Platforms

A number of platforms are in use to support collaborative workspaces for development. Chief among these are the following:
Communities of Practice for Local Government
http://www.communities.idea.gov.uk/welcome.do
Only available to users in the UK. May be of interest for the features that are included.

dgCommunities
http://topics.developmentgateway.org/index.do
“dgCommunities is a collaborative space for professionals working to reduce poverty and promote sustainable development worldwide. Share knowledge, tools, contacts, and more with members in 200 countries. Each online community is centered on specific themes and guided by experts in the field. Thousands of information resource links are included, plus valuable member services.”
(From the website)
Denise Senmartin reported in an email to the KM4Dev listserv:
“Another platform to consider is the Development Gateway dgCommunities. You can contact them to ask about having a private closed dgCommunity for your specific team. I used to work with them so know that were migrating to an open source CMS that will add functionality to the already existing ones (posting of content, discussion forums, uploading your profile, news and events, automatic alerts, etc). However there are costs as you need to cover the technical maintenance costs.”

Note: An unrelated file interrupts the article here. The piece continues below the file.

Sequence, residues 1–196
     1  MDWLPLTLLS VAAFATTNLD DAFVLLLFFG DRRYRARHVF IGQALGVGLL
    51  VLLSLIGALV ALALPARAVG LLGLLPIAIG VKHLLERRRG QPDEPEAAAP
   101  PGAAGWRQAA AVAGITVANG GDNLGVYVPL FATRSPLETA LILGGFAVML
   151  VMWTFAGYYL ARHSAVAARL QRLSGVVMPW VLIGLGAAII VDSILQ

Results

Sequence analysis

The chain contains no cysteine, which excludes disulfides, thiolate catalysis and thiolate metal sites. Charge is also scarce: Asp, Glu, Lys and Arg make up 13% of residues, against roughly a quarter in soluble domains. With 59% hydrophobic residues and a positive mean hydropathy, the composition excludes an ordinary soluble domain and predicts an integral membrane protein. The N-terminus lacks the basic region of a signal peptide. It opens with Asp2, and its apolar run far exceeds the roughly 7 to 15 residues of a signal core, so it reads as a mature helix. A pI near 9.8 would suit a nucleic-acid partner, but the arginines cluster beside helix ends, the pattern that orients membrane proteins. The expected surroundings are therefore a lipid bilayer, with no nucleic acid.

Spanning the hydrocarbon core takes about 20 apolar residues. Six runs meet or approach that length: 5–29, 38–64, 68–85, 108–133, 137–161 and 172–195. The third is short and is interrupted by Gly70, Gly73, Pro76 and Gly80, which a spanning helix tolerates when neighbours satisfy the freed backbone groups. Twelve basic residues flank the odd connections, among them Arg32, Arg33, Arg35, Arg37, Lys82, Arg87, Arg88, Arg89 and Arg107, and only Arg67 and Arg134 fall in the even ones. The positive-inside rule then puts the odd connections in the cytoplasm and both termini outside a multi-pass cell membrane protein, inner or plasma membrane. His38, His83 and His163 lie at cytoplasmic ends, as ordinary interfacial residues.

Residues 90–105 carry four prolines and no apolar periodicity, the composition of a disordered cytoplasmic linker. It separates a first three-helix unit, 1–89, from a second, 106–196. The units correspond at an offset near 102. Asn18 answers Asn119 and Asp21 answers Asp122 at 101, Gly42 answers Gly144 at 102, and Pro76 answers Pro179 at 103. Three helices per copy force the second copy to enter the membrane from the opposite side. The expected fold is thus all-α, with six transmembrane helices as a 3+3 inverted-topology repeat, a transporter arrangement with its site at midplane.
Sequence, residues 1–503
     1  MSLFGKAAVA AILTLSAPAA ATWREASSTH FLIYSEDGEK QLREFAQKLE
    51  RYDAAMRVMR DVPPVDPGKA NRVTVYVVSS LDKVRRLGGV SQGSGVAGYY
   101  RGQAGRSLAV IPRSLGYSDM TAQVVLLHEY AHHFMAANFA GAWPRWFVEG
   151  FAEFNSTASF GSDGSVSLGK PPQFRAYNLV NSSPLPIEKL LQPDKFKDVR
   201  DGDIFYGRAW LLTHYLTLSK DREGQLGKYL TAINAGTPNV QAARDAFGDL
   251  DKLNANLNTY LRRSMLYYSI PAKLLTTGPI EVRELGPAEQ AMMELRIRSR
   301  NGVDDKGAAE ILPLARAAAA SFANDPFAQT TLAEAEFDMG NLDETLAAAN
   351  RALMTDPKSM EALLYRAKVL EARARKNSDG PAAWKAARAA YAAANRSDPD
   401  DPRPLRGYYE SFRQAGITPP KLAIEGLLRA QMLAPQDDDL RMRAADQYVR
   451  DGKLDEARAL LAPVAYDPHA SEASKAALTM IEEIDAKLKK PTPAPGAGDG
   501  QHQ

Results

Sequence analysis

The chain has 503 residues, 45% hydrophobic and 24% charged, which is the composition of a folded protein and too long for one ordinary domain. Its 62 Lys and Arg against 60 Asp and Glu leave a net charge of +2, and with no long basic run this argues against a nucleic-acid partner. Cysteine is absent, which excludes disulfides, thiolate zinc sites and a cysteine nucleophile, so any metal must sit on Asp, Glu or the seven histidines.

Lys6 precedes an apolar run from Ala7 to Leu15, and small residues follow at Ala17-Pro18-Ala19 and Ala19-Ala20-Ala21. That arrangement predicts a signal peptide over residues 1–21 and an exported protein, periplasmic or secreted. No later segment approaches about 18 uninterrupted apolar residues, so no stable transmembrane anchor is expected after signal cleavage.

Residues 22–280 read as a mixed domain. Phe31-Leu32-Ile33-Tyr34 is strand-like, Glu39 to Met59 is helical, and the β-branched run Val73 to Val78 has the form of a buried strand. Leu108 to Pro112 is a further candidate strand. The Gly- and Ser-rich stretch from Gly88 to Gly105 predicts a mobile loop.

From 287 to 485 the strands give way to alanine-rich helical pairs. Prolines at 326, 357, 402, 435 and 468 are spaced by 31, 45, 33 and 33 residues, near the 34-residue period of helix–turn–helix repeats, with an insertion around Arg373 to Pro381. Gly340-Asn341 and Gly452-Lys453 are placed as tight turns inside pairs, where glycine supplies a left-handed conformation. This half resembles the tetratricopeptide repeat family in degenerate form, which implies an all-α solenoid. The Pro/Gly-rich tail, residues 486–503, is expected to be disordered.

DGroups
http://www.dgroups.org/
Developed by Bellanet in 2002, DGroups may be the first platform designed with the development community in mind. There are currently 2000+ groups and 100,000+ users. DGroups is free to users and avoids "branding" and the use of advertising.
The organizations behind Dgroups have formed the Dgroups Partnership. Current partners include Bellanet, DFID, Hivos, ICA, ICCO, IICD, OneWorld, UNAIDS and WorldBank. Member organizations include CGIAR, CIDA, CTA, Danida, FAO, IDRC, INASP, KIT, SNV, Sida, SDC, and UNECA.

ECS (Electronic Collaborative Services)
Developed by WA Research SA (Switzerland) and used by WHO, UNAIDS, UNHCR, SADC, HDNet, etc.
It is available to other organizations. I can provide contacts upon request.
I have not been able to view ECS, but it was developed to support collaborative work on the web, including work with researchers in the South.

Eldis Communities
http://community.eldis.org/
Users may subscribe at no charge and participate in a number of groups. They may also create their own groups, which may be open to all other members or only to persons authorized by the creator. This is in beta version.